Common Examples of Digital Accessibility
- Provides text and/or audio alternatives for any non-text content
- Includes content that can be presented in different ways without losing information, context, or structure.
- Permits all functionality from a keyboard if needed, as opposed to a cursor.
- Is not designed in a way that is known to cause seizures.
- Includes ways to help users navigate, find content, and determine where they are.
- Allows screen readers to parse a website for a user with visual impairments.
- Includes closed-captioned videos for individuals with hearing impairments.
- Includes “alt text” on images for individuals with visual impairments.
- Allows navigation by keyboard (i.e. using the Tab key) for users who may not be able to operate a mouse.
Why Should Digital Accessibility Be a Business Priority?
But digital accessibility is not only about people with disabilities using your website with ease.
While 71% of web users with a disability will simply leave a website that is not accessible, users without disabilities also find that accessibility features help them navigate your site more effectively.
When you maintain an accessible digital presence, all your visitors benefit.
Improve user experience
Increase sales revenue
- Reach a larger customer base that includes the disabled population.
- Make it easier for everyone to use your site.
- Make mobile access easier.
- Improve SEO rankings.
- Drive innovation.
The W3C presents case studies of Fortune 100 companies, including Apple and Barclays, that have seen improved search results, reduced maintenance costs, and increased audience reach stemming from accessible design.
Stay compliant and avoid costly lawsuits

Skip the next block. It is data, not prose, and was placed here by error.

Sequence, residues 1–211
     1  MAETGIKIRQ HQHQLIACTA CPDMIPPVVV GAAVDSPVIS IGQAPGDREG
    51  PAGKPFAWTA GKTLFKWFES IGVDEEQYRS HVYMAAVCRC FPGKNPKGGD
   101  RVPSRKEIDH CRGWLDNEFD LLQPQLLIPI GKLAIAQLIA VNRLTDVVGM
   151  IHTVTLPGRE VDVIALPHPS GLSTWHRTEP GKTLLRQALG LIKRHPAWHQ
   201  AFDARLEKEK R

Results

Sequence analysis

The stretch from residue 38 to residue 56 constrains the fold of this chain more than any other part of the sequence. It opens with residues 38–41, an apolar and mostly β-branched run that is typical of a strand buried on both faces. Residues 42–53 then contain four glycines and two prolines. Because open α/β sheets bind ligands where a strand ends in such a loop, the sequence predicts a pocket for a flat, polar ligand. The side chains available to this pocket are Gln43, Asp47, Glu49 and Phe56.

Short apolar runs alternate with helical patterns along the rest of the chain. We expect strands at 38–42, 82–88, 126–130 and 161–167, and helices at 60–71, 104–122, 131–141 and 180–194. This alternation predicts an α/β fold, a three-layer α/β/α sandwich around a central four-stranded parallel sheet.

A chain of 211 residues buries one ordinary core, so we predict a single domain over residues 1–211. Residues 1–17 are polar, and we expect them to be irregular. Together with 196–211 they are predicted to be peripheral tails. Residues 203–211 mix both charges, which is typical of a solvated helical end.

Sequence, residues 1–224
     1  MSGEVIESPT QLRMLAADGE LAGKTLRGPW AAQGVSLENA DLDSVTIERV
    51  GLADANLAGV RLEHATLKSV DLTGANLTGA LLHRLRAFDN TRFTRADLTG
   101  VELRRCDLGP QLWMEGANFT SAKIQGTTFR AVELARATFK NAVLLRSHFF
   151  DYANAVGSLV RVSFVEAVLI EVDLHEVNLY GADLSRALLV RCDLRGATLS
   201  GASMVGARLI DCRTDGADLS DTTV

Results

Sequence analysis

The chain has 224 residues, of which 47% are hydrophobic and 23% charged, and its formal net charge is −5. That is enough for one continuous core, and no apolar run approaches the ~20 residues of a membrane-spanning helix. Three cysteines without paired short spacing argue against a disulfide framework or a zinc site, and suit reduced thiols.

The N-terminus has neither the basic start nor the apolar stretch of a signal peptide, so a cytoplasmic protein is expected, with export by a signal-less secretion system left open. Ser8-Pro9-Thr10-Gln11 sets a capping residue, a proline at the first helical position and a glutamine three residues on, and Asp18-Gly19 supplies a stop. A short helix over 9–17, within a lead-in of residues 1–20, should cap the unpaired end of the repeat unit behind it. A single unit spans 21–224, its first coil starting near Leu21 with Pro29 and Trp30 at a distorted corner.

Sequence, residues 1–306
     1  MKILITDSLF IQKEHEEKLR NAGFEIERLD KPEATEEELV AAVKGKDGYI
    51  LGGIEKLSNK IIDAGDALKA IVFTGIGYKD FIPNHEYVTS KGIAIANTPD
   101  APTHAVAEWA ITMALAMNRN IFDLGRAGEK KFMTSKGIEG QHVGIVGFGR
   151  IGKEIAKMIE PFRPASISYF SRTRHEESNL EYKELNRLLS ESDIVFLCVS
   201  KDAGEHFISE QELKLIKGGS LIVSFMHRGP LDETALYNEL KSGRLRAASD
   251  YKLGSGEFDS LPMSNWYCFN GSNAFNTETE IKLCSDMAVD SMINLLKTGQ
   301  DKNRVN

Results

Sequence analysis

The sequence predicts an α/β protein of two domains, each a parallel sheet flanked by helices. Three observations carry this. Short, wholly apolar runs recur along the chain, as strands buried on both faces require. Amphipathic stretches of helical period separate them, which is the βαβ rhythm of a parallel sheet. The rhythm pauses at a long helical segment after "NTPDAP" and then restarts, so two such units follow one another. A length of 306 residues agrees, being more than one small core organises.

Lawsuits alleging digital accessibility violations are increasing, and several high-profile companies have had to pay large settlements.
Following WCAG guidelines helps organizations stay compliant and avoid costly lawsuits.
Regulations, Guidelines, and Standards
There are several US and worldwide regulations, guidelines, and standards to protect the rights of people with disabilities.
Web accessibility falls under Title III of the ADA, which states that all areas of public accommodation – including hotels, schools, restaurants, gyms, retailers, libraries, and doctors – must provide equal access to information and services for everyone.
All websites that fall under the category of ‘Public Accommodations’ – i.e. businesses that are open to the general public – will need to comply with Title III of the ADA.
Although Section 508 only applies to federal agencies and federally funded programs in the United States, many global companies and organizations aim to be Section 508 compliant, too.
Failure to comply with CVAA leaves an organization subject to disability discrimination lawsuits.
How Accessible Are Your Digital Properties?
If you’re looking for more help to improve the user experience, increase your sales revenue, remain compliant, and avoid costly lawsuits, then check out The Essential Accessibility Handbook.